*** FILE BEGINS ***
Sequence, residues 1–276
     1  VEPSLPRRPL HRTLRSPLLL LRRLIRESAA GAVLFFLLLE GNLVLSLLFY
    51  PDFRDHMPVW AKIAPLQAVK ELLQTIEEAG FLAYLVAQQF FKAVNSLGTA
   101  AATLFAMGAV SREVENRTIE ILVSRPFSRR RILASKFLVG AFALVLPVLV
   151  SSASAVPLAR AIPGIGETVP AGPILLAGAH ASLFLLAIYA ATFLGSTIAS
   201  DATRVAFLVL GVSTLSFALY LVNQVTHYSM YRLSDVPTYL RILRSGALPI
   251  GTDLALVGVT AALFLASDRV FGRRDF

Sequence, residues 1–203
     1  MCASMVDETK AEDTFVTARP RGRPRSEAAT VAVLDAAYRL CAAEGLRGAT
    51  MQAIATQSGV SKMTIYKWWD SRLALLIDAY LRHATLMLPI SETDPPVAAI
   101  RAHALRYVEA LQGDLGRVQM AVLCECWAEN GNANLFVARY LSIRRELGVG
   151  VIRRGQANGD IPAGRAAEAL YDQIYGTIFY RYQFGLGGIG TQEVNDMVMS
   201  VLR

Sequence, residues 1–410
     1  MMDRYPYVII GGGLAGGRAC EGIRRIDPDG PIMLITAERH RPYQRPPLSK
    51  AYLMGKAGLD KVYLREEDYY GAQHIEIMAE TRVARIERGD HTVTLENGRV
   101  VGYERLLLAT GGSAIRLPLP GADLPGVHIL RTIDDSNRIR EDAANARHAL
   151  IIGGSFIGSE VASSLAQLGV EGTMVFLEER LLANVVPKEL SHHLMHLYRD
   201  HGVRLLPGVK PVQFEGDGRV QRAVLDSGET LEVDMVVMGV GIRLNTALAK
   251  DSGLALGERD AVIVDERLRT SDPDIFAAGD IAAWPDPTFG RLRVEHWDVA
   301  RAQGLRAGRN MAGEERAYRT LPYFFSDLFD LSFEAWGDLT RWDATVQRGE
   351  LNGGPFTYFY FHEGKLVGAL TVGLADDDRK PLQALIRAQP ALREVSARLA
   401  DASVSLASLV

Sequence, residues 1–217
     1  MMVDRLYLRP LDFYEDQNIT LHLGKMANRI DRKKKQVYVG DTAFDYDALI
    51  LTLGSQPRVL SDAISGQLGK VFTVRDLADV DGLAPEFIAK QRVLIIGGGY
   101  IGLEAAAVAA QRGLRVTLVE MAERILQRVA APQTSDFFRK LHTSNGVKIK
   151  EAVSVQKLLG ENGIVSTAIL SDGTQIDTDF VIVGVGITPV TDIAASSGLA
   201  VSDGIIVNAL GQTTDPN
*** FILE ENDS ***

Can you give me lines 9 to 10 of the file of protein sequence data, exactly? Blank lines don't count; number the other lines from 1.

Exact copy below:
     1  MCASMVDETK AEDTFVTARP RGRPRSEAAT VAVLDAAYRL CAAEGLRGAT
    51  MQAIATQSGV SKMTIYKWWD SRLALLIDAY LRHATLMLPI SETDPPVAAI